You see it in their face, the look tells you that they just plain don't take you serious, or perhaps
they just can't figure out why. How do you explain to those important to you that yes, you plan
to sell it all. The house, the boat, the books, the "stuff," and become "Nomads," "Wanderers,"
"American Continent Travelers," "Geritol Gypsies," or better said: "Full-Timers."
When people ask through those questioning looks, or outright verbal questions it is difficult to
explain in the short time that we may have and therefore I thought perhaps if you could read
some excerpts from comments and/or expressions that have been "borrowed" from folks who
are doing what we plan to do, you might better understand. As we have researched this life
style of "Full-Time" motorhome living we have been influenced by the paragraphs written from
the heart and most of all the experience of those who have lived it or currently are living it.
There are many paragraphs, but what follows is a mere tiny collection of what has been
influential in shaping our dreams and hopefully our future destiny:
The following is expressed and written
by Norm & Linda Payne after their
first year of full-time living and traveling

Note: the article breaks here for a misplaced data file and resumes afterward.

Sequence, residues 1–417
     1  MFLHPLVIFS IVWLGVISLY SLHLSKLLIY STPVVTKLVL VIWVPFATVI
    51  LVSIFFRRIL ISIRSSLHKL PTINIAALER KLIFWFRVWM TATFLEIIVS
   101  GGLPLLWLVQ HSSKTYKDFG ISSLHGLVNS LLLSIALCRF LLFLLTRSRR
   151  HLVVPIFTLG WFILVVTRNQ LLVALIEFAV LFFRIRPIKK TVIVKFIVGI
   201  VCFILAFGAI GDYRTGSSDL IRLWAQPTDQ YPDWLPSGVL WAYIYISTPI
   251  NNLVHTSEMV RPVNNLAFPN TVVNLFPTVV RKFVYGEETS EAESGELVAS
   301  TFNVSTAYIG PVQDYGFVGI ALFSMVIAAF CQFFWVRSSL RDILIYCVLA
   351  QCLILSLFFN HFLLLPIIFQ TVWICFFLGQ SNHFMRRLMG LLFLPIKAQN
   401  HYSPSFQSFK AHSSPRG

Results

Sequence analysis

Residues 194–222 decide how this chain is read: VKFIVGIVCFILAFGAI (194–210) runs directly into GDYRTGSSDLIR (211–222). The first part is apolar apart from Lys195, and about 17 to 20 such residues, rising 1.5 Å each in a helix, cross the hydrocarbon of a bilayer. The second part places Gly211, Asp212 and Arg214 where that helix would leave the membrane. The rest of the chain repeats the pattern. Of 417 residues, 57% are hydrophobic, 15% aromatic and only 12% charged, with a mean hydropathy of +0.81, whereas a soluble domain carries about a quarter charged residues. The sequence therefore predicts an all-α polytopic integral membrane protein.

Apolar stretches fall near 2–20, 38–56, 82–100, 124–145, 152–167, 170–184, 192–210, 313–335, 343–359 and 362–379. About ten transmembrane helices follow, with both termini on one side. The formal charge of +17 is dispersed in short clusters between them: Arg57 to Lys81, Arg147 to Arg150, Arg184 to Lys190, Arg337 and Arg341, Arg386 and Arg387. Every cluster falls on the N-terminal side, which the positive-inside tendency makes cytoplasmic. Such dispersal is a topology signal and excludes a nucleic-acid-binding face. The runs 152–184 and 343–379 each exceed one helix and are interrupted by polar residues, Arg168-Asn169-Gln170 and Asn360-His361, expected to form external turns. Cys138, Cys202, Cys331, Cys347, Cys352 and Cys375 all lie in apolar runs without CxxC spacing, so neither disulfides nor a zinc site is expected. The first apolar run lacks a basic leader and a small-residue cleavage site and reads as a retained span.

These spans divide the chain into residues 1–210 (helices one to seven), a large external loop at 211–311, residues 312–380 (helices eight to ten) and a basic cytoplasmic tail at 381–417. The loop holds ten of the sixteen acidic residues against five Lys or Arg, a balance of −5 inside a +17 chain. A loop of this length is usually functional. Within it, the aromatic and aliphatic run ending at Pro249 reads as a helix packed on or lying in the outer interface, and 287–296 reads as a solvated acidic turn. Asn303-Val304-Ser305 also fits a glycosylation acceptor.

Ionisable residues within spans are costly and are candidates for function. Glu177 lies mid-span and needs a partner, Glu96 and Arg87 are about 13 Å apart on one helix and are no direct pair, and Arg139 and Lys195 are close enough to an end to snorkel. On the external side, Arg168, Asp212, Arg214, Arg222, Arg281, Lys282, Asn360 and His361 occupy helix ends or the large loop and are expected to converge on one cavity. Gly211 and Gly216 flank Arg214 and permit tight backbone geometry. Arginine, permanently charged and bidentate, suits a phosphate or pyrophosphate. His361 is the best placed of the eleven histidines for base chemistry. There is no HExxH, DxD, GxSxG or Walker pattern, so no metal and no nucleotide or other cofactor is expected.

in their motorhome. P.S. Links to their
information packed web site can be
found in "Our Favorite Links"
September 8, 1999, our Dutch Star motorhome was delivered and we moved in that night.
Over the next few weeks we prepared the house for sale and finished getting rid of our
furniture, household items, two cars and a van. We left the house in the hands of a Realtor
and it closed in December. On October 4 we hit the road traveling fulltime. Wow, it felt great -
total freedom. No more house painting or cleaning, no more staining the deck or mowing
grass, no more shoveling snow, and most important - no more work, we were retired. During
this first year we drove the motorhome 15,868 miles, drove the Honda 13,860 miles, visited 25
states, Mexico and four provinces in Canada. We spent the night in 89 different places.
There were too many highlights to talk about each one, but we will mention some of the most
interesting things we did. At times our backyard was ocean waves, the Rocky Mountains,
rivers and lakes, glaciers and snow covered peaks, deserts and cactus, dense forest and
plains. Our visitors included squirrels, raccoons, jack rabbits, elk and deer. In Texas we took a
rowboat with Mexicans across the border, rented horses to tour a town, then brought three
illegal aliens back to the states. We returned them later. At another unmanned Mexican
border crossing we got lost in the desert and wondered if we could find our way back to the
USA. We did. At a Star Party we gazed at distant planets through telescopes and marveled at
their moons and rings. We hiked through deserts, over mountains, along rivers, and hung to
sheer canyon walls. We visited large and small museums in large cities and small towns. We
camped in hot weather, windy places, sub-zero snow storms, and lived through a hail storm
that beat the motorhome and Honda into submission. We picnicked by spewing geysers,
emerald lakes and with wild buffalo. We ate in expensive restaurants and in some small dives,